Peer review ethics

  • In accordance with the ethical guidelines of the International Committee of Medical Journal Editors and COPE, this journal formulates the following provisions on the roles and responsibilities of reviewers:

    1.      Agree to only peer review articles in the same areas of their expertise. Provide accurate and true information in expertise, personal and major details. Refrain from just seeing the manuscript but not to review.

    2.      Reply to the review invitation timely and review the manuscript within the specified time without delaying the publication of the article. Inform the editorial office in time if the review cannot be conducted or needs to be extended. Reply in time and provide the necessary information if you contact the editorial office about reviewing the manuscript.

    3.      Evaluate the quality, the results of research experiments, theory and explanations of problems of the manuscripts objectively, so as to maintain a high scientific standard and writing level in publications. Respect the independence of the author's thoughts and the enthusiasm of scientific research and innovation. Review comments should be constructive and should not be insulting, hostile or defamatory. It should not be affected by its origin, religion or political belief, gender, other characteristics of the author or business, and may not mark information such as name.

    4.      Maintain the confidentiality of the personal information of the editorial office and the author, and strictly keep confidential the relevant materials of the manuscript and the information contained therein. Before the manuscript is published, the reviewer shall not discuss the author's research work in public, embezzle the author's ideas, or make use of the knowledge to make profits for the reviewer. After submitting review comments, the reviewer should not communicate the contents of the manuscript with others.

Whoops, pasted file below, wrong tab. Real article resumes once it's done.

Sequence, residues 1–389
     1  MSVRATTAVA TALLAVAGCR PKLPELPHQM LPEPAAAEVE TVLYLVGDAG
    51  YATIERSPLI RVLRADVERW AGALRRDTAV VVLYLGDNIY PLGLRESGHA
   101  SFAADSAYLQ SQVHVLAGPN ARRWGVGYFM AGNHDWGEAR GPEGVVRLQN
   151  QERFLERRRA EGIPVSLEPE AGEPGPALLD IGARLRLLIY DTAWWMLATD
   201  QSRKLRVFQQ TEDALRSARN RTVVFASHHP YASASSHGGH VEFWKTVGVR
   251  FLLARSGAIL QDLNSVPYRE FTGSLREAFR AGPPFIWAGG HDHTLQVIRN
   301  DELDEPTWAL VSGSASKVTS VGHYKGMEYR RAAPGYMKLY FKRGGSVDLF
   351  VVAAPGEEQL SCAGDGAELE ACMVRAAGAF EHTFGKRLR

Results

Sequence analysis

5.      Remind the author and the editorial office if data fabrication, tampering, plagiarism, improper image processing, unethical research, biased reports, abuse of authorship, repeated publication, unpublished conflicts of interest, and possible academic misconducts such as omission and misquotation are found during peer review, even if uncertain, so that the author and editorial office can further verify or give necessary explanations.

    6.      Pay attention to potential conflicts of interest when reviewing manuscripts because there should be no conflicts of interest between reviewers and authors or research sponsors. Examples of potential conflicts of interest include: the recent cooperation between reviewers and authors, the fact that reviewers and authors belong to the same research group, the direct competitive relationship between reviewers and authors, the personal conflict or close personal relationship or ongoing communication between reviewers and authors, and the fact that reviewers are involved in economic interests related to manuscripts. As long as there is the possibility of prejudice, reviewers should voluntarily avoid participating in the peer review process and remind the editorial office to withdraw relevant reviews when necessary.

    7.      Avoid requiring authors to quote reviewers' own articles unless there is a strong academic basis.

    8.      Inform the editorial office whether to entrust the review to others. Counterfeiting another person during the review process is considered a serious misconduct.

    9.      Provide clear and reasonable rejection opinions for rejected manuscripts.

    10.  Refuse to review the manuscript if it is beyond the scope of professional competence.

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